In the Region DuPont posts loss, plans cuts DuPont Co. , which is pursuing a merger with Dow Chemical , showed a fourth-quarter loss and announced 6,000 layoffs as it ramped up cost-cutting ahead of the proposed deal. An earlier announcement on those job cuts indicated that 1,700 of them were to be in Delaware. The Wilmington chemical company Tuesday reported a loss of $253 million, or 29 cents per share, for the quarter ending Dec. 31, compared with a profit of $683 million, or 75 cents per share, for the same period in 2014.
NEWS
July 23, 2013
JERUSALEM - Israeli and Palestinian officials voiced skepticism yesterday that they can move toward a peace deal, as the sides inched toward what may be the first round of significant negotiations in five years. U.S. Secretary of State John Kerry announced late last week that an agreement has been reached that establishes the basis for resuming peace talks. He cautioned that such an agreement still needs to be formalized, suggesting that gaps remain. In his first on-camera comment yesterday, Israeli Prime Minister Benjamin Netanyahu appeared to lower expectations by saying the talks will be tough and any agreement would have to be ratified by Israelis in a national referendum.
NEWS
September 28, 2004 | By Kathleen Brady Shea INQUIRER STAFF WRITER
QVC show host Lisa Robertson has a tenacious fan club - evident by the growing number of court cases she generates. Yesterday, the third in a string of overly determined admirers learned that obsessing over the former Miss Tennessee costs more than the products she pitches on the home-shopping network. The price for Peter Ferreira: 132 days in Chester County Prison on a stalking charge. Yesterday, Ferreira, 41, of Plainfield, Conn., received credit for time served and was paroled as part of a plea agreement accepted by Chester County Court Judge Paula Francisco Ott. Ferreira must also spend three years on probation and receive a mental-health evaluation.
BUSINESS
May 20, 1989 | By Richard Burke, Inquirer Staff Writer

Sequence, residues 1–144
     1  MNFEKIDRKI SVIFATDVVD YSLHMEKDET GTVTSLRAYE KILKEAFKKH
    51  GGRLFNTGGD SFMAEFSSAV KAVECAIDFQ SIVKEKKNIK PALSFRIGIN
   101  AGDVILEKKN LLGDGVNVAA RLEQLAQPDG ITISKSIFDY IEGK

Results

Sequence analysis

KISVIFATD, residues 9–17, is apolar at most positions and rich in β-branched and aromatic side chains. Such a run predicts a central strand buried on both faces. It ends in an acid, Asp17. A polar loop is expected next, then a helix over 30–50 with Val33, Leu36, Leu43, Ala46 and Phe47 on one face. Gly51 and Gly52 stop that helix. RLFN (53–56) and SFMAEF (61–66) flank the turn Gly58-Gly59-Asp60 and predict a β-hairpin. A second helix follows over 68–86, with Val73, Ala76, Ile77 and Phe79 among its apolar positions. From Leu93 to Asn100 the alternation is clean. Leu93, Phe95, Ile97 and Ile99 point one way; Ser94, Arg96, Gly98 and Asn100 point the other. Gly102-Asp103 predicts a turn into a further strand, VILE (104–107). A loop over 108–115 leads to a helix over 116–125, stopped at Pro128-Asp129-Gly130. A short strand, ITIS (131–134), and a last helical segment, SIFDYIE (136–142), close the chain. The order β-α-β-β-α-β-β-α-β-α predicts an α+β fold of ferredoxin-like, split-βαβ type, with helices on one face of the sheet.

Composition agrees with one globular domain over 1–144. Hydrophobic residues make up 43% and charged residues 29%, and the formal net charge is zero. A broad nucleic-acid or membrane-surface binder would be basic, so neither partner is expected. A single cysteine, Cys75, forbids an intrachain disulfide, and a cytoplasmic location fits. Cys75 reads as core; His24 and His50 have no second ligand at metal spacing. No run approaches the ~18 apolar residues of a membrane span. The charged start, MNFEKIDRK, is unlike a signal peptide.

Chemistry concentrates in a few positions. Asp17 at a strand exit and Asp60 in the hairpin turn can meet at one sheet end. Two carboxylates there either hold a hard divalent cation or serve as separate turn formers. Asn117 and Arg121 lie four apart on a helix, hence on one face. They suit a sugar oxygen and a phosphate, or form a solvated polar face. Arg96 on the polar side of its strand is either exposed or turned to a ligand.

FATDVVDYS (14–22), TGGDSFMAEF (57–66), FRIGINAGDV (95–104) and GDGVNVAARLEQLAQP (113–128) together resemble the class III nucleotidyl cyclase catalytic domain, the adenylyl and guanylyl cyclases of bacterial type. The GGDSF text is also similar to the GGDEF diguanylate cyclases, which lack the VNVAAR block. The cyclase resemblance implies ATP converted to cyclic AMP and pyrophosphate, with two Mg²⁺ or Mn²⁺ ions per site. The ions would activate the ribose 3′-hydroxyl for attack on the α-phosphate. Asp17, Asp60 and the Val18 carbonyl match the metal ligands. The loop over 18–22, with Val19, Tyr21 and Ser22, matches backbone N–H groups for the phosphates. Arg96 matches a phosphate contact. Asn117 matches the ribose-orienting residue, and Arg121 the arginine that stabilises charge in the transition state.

A Philadelphia company yesterday accused Dun & Bradstreet Inc. of using a "nationwide pattern of fraud" to dupe customers into buying more credit information than they needed. Frank Sussman Co., a wholesale clothing distributor in Old City, charged that Dun & Bradstreet, a New York financial-information services company, "taught" its salesmen how to mislead customers and that it fired those who refused to participate in the alleged scheme. The allegations were contained in a lawsuit filed in U.S. District Court in Philadelphia.
NEWS
October 19, 1991 | By Linda Loyd, Inquirer Staff Writer
Aaron Jones, leader of the Junior Black Mafia, and one of his top lieutenants ordered and planned the execution-style slaying of a West Philadelphia food store owner, according to testimony yesterday in Municipal Court. The slaying was ordered in retaliation for the murder of the JBM's head of operations in Southwest Philadelphia, according to Christopher Anderson, 21, who testified at a preliminary hearing. Anderson said that under orders from Jones, 29, and JBM boss Samuel Brown, 30, he and another gunman burst into Mommie's Food Market, on 54th Street near Master, Aug. 18, 1990, and opened fire, killing the shop owner, Bruce Kennedy, 26. Anderson, who said he was a JBM enforcer at the time, testified that Jones ordered Kennedy's murder and Brown helped plan it to avenge an killing of Leroy "Bucky" Davis.